A sad and oft-repeated truth is that half of all new businesses fail within the first five years. In fact, all too many fail in their first decade.

Although many factors contribute to business failure, a common culprit is poor cash management. Farmers, retailers, and car dealers are especially aware of seasonal fluctuations in cash flows. But to some extent all businesses, large and small, must deal with the uncertainty of fluctuating sales, inventories, and expenses. An owner-manager who engages in wishful thinking about profitability, who becomes lackadaisical about money flowing through the business, is often headed for disaster. By endeavoring to smooth out cash fluctuations, prudent managers keep their companies strong throughout the business cycle.

Follow these practices to moderate the ebb and flow of cash in your business.

  • Analyze cash flow. If you don't know it's broke, you can't fix it. The starting point for any meaningful action to control cash is discovering where the money's coming from and where it's going. Get a handle on cash by monitoring your bank accounts for at least one complete business cycle; then use that information to establish a realistic forecast.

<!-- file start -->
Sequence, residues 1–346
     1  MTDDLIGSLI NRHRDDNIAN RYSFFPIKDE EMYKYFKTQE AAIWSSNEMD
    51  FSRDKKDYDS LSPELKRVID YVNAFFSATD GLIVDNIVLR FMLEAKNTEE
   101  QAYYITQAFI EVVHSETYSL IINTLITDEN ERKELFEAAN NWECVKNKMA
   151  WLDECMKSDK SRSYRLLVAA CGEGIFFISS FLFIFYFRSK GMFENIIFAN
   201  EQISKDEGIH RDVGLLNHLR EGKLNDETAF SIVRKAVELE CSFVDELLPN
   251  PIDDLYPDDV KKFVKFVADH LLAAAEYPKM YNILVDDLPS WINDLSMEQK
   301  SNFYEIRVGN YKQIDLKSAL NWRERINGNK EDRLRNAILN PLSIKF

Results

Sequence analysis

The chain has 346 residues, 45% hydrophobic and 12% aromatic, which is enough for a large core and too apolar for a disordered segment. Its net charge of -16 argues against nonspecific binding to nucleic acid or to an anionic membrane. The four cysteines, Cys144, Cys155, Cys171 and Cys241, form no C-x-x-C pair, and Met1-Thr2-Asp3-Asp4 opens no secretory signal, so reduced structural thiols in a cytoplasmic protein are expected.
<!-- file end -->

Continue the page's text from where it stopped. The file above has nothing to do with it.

• Monitor receivables. Many businesses fall short in this area. Extending credit to deadbeats, failing to identify late payers, refusing to collect on a timely basis—these practices amplify cash flow problems. Mitigate receivable fluctuations by using financial software to generate aging reports, following up when payments are even a day late and offering discounts to customers who pay early. Factoring receivables — selling your invoices to a factoring company — is another way to maintain a predictable cash flow.
  • Slow down disbursements. Prudent cash flow management dictates that you retain cash as long as possible. Pay your vendors on time — not too early, not too late. Of course, if suppliers offer discounts for early payment, take advantage of cost savings whenever possible. Consider also negotiating with suppliers to extend payment times.
  • Time large expenses. If you know a property tax payment is due in June, start setting aside money in a separate fund in January. The same holds true for any large payment that comes due during the year. If your equipment is nearing the end of its useful life or your roof is showing signs of wear, start saving now. Don't let big expenditures catch you by surprise.

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